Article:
Other Solenoids
      On today’s vehicles, there are many different types of solenoids. A push-and-pull solenoid is one that operates with a fixed range of travel, such as the starter solenoid described above. The plunger of the solenoid travels in one direction or the other (it may push, or it may pull) when energized, and a spring returns it to the non-energized position.
      Another example of a push-and-pull solenoid is a trunk-release solenoid. Even though these are built into latch assemblies on most newer vehicles – and not so audibly intrusive – on older cars that featured trunk-release buttons on the dash you could hear the tell-tale clunk of the solenoid operating by pressing and releasing the button.
      Power door locks utilize a solenoid that is considered a holding solenoid. By reversing the polarity, this type of solenoid will move in either direction, then remain in that position while unenergized until reverse polarity is applied.
      Proportional Solenoids
      Now it gets interesting. A proportional solenoid is one whose position can be controlled in a precise manner. The primary use for a proportional solenoid is to manage operation of pistons and valves for accurate control of fluid flow and pressure. For example, proportional solenoids are used in automatic-transmission valve bodies and for torque-converter lock-up control, fuel injectors, variable-valve-timing actuators and in antilock brake systems.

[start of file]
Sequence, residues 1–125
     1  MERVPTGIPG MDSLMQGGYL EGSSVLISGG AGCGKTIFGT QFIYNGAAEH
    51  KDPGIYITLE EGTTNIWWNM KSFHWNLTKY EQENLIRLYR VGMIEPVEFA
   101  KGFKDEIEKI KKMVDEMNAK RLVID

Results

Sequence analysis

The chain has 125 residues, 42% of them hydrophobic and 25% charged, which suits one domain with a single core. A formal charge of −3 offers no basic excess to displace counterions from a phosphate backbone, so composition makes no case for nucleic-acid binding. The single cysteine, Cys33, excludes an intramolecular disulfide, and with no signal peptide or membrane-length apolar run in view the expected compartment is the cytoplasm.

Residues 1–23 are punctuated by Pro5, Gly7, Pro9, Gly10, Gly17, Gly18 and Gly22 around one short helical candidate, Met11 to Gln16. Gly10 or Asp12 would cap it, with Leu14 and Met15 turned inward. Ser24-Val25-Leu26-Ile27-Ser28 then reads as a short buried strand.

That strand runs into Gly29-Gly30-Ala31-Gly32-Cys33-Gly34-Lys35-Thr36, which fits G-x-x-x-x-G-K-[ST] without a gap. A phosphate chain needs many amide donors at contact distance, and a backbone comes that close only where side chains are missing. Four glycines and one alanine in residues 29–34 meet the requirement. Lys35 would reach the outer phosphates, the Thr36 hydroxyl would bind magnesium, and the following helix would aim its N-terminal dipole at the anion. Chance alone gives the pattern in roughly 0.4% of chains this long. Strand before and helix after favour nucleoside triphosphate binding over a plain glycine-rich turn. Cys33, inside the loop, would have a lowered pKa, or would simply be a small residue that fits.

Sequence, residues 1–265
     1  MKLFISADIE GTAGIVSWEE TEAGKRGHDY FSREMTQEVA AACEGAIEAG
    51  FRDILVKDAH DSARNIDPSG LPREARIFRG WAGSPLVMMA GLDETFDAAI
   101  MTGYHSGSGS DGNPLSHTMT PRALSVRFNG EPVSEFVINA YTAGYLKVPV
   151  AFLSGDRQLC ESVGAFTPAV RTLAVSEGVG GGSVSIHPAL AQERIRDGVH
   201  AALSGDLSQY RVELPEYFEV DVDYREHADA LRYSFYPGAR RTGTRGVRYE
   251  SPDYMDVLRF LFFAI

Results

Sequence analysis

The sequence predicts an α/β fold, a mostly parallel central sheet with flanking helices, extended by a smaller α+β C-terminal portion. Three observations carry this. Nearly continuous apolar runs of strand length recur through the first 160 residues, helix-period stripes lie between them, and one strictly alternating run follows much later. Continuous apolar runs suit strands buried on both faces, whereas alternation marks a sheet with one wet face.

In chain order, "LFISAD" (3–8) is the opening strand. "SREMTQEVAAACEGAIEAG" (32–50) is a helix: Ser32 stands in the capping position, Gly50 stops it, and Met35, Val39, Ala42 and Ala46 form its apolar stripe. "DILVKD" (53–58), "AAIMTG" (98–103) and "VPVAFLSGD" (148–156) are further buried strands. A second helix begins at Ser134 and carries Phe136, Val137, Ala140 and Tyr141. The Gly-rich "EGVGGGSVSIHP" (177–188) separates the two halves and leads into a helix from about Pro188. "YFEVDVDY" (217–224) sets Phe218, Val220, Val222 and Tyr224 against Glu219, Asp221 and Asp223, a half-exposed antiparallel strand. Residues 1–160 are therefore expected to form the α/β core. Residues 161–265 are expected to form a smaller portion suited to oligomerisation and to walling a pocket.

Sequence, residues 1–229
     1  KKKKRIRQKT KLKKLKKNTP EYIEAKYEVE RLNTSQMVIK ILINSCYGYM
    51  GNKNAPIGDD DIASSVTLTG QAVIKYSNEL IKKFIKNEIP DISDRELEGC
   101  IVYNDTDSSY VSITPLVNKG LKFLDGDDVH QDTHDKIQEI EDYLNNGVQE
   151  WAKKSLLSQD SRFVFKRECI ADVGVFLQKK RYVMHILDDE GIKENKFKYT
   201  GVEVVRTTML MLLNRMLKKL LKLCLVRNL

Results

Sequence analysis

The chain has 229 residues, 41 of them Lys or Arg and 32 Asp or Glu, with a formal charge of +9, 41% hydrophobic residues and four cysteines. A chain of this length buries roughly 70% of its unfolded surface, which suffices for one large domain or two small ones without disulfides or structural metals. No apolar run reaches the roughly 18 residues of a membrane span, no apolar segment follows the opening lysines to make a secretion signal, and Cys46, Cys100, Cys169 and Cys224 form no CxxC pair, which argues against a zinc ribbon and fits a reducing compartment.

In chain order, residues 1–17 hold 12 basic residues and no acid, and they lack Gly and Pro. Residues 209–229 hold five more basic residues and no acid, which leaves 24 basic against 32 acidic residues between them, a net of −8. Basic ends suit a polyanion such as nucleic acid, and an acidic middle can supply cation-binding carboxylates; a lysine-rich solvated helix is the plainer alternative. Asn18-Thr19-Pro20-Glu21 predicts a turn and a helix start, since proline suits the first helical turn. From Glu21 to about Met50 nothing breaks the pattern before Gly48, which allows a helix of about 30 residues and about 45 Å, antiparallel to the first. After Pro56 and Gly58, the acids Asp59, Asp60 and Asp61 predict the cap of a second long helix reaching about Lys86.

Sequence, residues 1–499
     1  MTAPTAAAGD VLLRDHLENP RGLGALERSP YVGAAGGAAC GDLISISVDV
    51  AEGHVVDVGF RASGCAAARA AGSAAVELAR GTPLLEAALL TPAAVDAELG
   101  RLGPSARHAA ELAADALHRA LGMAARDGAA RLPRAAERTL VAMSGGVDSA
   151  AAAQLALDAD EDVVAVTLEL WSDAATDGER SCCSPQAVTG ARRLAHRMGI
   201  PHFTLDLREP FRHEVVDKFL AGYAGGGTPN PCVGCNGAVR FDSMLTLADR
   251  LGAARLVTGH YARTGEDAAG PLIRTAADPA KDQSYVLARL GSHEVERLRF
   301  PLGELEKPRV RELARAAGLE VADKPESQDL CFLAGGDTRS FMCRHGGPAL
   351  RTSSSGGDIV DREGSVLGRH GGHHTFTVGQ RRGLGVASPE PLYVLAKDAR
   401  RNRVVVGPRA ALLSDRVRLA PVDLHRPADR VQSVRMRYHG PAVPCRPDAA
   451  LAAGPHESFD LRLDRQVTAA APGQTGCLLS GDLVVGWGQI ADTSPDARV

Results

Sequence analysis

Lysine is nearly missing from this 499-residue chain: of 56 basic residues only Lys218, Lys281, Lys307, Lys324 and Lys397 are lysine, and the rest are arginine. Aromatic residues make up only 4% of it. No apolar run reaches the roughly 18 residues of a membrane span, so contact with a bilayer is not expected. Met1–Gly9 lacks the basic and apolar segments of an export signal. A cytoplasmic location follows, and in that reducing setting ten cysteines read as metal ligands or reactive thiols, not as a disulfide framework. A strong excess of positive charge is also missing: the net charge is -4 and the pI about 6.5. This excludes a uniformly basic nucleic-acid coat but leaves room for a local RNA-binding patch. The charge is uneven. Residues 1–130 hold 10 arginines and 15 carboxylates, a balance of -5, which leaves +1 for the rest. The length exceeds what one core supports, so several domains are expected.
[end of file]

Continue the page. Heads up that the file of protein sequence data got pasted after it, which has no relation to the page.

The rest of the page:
When compared to the basic electrical function of a push-pull or holding solenoid, proportional solenoids require a more advanced control. This control is pulse-width modulation (PWM), which is a method for controlling the amount of power sent to any given component. During PWM, the vehicle ECU continuously switches the power on and off in a circuit. The longer the power is on, the more power is sent to the circuit.
      Determining the position of a PWM-controlled solenoid is achieved by the control unit monitoring the current flow through the solenoid. Along with all other forms of automotive technology, solenoids have evolved from basic electrical devices and control to highly precise actuators, relying on equally precise control to meet today’s demands of efficiency and performance. But they’re both still in use today.
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    • By Counterman
      While it might not sound like it to the untrained ear, the orchestration of components to achieve the ideal combustion cycle is nothing short of a symphony.
      For fuel-injected engines, two important instruments in this precise arrangement are the mass airflow (MAF) sensor and the manifold absolute-pressure (MAP) sensor.